>> We host quite a few customer database site and would never think about selling client details never mind adverts on thier sites, id there is anything we can do to help sticky me.
Thanks for the offer Dave. I might just take you up on that.

>> That does suck
You can say that again.

Does your database seem like someone has used the trial & error approach of entering data into it?
There were a few unexplained and strange occurance before all this started.

A more likely scenario is that they have been using the nice interface if one exists... Assuming you have a web-based interface to maintain this sort of stuff and this is how they did it, wouldn't the logs show the stuff being modified or setup (assuming they didn't get modified too)?

If you can see people using your admin tools who aren't you then you should be able to work from there...

My logging system says no. All the login times match me.

Another scenario you might want to consider is that is that there is at least one "insecure" part in your "secure" setup and someone has gotten access to your site's internal admin interface and started meddling.
Logs say no again.

If they paid by cheque/phone then even better because you then have a physical address!
I'm getting all the details sent to me.

Chris

gsx




msg:380995
 1:11 pm on Jan 8, 2003 (gmt 0)

If they placed the orders on his mobile phone, where did they get that number from?

mack




msg:380996
 1:13 pm on Jan 8, 2003 (gmt 0)

The best way to getting proof, aproach mr x as a potential customer and see if he does the same for you?

chameleon




msg:380997
 1:14 pm on Jan 8, 2003 (gmt 0)

chris_f

My first set of advise would be to print out every e-mail you've had with your customer (if it was a phone conversation, ask them to send you the details in an e-mail), and take them to a lawyer.

My second set of advice is never store a password as plain text. NEVER. NEVER EVER.. Store them encrypted. Use something like RC4 to encrypt the password in your global.asa, and the challenge password entered into your system during login. Compare the encrypted strings, not the unencrypted ones.

By using this approach, NO ONE will ever know what the password is -- even if the look at the global.asa. It's EXTREMELY difficult to "unencrypt" a password that uses strong encryption, so the viewer will be left guessing until he finds the right password. That could take 100 lifetimes.

Of course, you must use a good password (not your name, or your company name, or the city you live in), and use a long encryption key as well (which RC4 will use along with your password to generate the encrypted string).

Good luck!

jackofalltrades




msg:380998
 1:15 pm on Jan 8, 2003 (gmt 0)

>The best way to getting proof, aproach mr x as a potential customer and see if he does the same for you?

ooh! <raises hand and volunteers for that job!>

Im great at stuff like that!

You wouldnt believe the information ive gotten outta the competition by calling their marketing department and saying i was writing a report for uni! ;)

JOAT

chris_f




msg:380999
 2:01 pm on Jan 8, 2003 (gmt 0)

>> If they placed the orders on his mobile phone, where did they get that number from?
The email he sent I suppose.

>> The best way to getting proof, aproach mr x as a potential customer and see if he does the same for you?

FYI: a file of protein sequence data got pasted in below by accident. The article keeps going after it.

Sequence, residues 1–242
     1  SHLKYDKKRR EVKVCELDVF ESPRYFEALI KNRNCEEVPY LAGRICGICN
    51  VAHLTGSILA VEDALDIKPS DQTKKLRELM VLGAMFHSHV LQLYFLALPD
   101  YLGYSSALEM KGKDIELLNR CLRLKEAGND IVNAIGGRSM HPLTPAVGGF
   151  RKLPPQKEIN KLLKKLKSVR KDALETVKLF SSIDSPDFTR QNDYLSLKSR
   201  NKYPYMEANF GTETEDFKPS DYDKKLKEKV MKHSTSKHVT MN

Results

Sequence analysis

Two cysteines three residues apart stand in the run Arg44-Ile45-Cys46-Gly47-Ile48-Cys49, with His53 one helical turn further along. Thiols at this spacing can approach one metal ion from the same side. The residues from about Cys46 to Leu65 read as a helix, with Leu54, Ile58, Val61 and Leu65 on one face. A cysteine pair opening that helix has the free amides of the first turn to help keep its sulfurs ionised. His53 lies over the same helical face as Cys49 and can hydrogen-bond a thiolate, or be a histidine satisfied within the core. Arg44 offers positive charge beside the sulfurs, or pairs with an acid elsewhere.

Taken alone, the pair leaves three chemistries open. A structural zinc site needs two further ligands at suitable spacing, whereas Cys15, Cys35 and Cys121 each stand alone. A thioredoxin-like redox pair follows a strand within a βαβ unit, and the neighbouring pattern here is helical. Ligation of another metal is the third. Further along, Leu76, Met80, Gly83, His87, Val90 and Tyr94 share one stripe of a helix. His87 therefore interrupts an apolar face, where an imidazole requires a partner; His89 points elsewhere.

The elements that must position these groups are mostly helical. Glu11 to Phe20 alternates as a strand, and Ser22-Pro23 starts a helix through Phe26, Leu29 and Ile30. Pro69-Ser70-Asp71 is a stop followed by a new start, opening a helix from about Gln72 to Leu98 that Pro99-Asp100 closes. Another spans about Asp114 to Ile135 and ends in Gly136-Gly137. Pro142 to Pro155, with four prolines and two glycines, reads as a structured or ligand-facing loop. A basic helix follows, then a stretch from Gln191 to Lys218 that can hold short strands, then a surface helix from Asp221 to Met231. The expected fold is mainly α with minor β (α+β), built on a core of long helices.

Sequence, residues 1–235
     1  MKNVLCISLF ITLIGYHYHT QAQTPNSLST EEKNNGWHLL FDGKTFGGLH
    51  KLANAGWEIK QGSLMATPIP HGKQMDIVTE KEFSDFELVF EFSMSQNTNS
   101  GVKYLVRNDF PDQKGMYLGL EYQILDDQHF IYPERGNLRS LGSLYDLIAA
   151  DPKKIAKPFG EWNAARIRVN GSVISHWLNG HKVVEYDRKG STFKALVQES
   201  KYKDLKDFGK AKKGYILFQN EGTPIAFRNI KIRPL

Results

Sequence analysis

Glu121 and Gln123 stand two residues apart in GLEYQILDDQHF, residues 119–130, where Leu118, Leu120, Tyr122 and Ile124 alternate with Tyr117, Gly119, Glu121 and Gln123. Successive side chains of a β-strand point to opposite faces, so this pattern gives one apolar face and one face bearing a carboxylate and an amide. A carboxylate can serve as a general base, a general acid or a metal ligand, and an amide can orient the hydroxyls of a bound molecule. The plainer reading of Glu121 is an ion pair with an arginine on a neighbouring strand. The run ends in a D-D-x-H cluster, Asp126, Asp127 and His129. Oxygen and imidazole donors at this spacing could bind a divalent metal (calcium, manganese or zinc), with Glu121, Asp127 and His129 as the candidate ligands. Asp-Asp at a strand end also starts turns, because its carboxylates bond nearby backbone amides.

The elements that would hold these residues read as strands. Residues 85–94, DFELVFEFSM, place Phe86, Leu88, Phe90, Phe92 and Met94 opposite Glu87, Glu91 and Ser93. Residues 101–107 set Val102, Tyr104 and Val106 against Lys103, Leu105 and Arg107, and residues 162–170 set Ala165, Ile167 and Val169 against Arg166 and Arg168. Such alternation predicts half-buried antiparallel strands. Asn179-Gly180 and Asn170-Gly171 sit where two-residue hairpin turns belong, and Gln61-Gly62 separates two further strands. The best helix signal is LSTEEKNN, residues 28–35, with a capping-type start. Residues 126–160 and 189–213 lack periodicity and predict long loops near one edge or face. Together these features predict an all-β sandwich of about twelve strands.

I didn't think of that. I think I will. I record phone conversations as well.

>> My first set of advise would be to print out every e-mail you've had with your customer (if it was a phone conversation, ask them to send you the details in an e-mail), and take them to a lawyer.
Doing now.

>> My second set of advice is never store a password as plain text.
It is encrypted and a dll is used to encypt the password on the system for a match, however, as it is a dll it is a component. My host will only allow you to have components if you send them the code and they compile it. This is for legit security reasons.

>> The best way to getting proof, aproach mr x as a potential customer and see if he does the same for you?
ooh! <raises hand and volunteers for that job!>
Im great at stuff like that!

I know what my clients are like so I can act like them. I also know what questions to ask and what background info to give. Thanks for the offer though.

Chris

jackofalltrades




msg:381000
 2:07 pm on Jan 8, 2003 (gmt 0)

>>> The best way to getting proof, aproach mr x as a potential customer and see if he does the same for you?
ooh! <raises hand and volunteers for that job!>
Im great at stuff like that!
I know what my clients are like so I can act like them. I also know what questions to ask and what background info to give. Thanks for the offer though.

Awww.... :(

K then, s'pose so...

Good luck n have fun! :)

JOAT

ukgimp




msg:381001
 2:14 pm on Jan 8, 2003 (gmt 0)

>>I didn't think of that. I think I will. I record phone conversations as well.

I "think" that is illegal or certainly not admissible unless you have permission to do so in advance. May be enough for the persons employer if you wish to bust him. Just something you should consider.

Dreamquick




msg:381002
 2:19 pm on Jan 8, 2003 (gmt 0)

Good luck with this Chris_f, I forgot to say that earlier!

chameleon,

You comment about encrypting / hashing the password is definitely a step in the right direction but that doesn't necessarily stop them getting access to whatever that password is for (I'm assuming the password is for a database or a db server).

Encrypting passwords where the encryption is not totally end-to-end (ie the will password exist in an unencrypted state during one or more phases of the authentication process) is that the password needs to be decrypted at some point.

Now if I know the code *must* talk to the database at some point, the code must know the password! I also know that a decrypt function must live inside the site code so in theory all I need to do is figure out where this happens and it's as good as mine...

However long as the "attacker" (for want of a better word) has physical access to the machine then there is no real way to keep a box, or anything on it, "secure".

Firstly you have the problem that they may already have a login with superior access levels to yours or perhaps a network-wide trusted login. Even if they cannot directly access the database due to restrictions they could attempt to intelligently brute-force the password in its secure form if they have a login which can see the hash - it can be tricky but it is possible with enough time.